Torture is a generalized problem in Mexico. Its application belittles the authorities who lower themselves morally to perform it, violates the most basic human rights of the detainee and perverts justice, as the information obtained by these means is useless.
The best example of the latter is the investigation on the missing Ayotzinapa students. The “historical truth” promoted by the government about what happened was obtained through torture, something that was suspected initially and which has been recently confirmed by Proceso magazine.
As the story obtained by the interrogators became the discredited official version of the events, after the magazine article was published the country’s attorney general said that they will now investigate what everyone already knew.
Article 20 of Mexico’s Constitution forbids the use of “torment in any form.” Still, the report regarding human rights in Mexico made by the United Nations’ Special Torture Rapporteur in 2014 states that mistreatment of suspects is incorporated predominantly from the arrest and until the detained person is sentenced.
While a poll made by the Centro de Investigación y Docencia Económica (Research and Economic Teaching Center, or CIDE) revealed that 57% of people arrested at federal detention centers said that they were tortured, 34% said that they were forced to change their testimony.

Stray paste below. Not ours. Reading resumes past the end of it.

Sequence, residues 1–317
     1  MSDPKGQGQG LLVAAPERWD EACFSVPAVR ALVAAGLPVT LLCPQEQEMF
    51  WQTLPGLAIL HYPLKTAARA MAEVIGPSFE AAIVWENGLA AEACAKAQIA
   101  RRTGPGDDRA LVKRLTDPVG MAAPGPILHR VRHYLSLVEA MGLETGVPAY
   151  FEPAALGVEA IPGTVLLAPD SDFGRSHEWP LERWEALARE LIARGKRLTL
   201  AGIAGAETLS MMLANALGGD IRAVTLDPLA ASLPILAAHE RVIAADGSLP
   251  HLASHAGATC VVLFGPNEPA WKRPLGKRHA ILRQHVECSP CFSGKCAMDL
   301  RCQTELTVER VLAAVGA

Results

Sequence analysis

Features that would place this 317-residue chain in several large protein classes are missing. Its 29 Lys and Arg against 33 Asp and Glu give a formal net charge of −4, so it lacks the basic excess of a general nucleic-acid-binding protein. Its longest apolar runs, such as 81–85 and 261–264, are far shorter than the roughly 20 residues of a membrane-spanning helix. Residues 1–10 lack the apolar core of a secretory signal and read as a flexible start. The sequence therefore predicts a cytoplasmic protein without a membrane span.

The assistance of the Mexican air force in the fight against drug trafficking has worsened the state of human rights in the country. Soldiers find themselves in situations for which they are not prepared. Videos have surfaced online showing soldiers, such as the so-called Marino Loko, humiliating suspects by making them dress as women. Others are seen interrogating a female detainee while suffocating her with a plastic bag, among other examples.
The popularity of this last video led to the arrest of the woman’s torturers and, surprisingly, drove Secretary of National Defense Salvador Cienfuegos and National Security Commissioner Renato Sales-Heredia to acknowledge the abuse. “We deem it necessary to apologize,” said Sales-Heredia.
We need less social politeness and more toughness toward torturers.
The lack of political attention to this topic is reflected in the Mexican senate’s delay to approve an anti-torture law sent from Los Pinos a while ago. It is rumored that Sales Heredia and Cienfuegos’ reaction is a “positive step,” as they are finally acknowledging a mistake. It remains to be seen if that “step” will lead to change or if it is just a tactic to neutralize critics and maintain the status quo.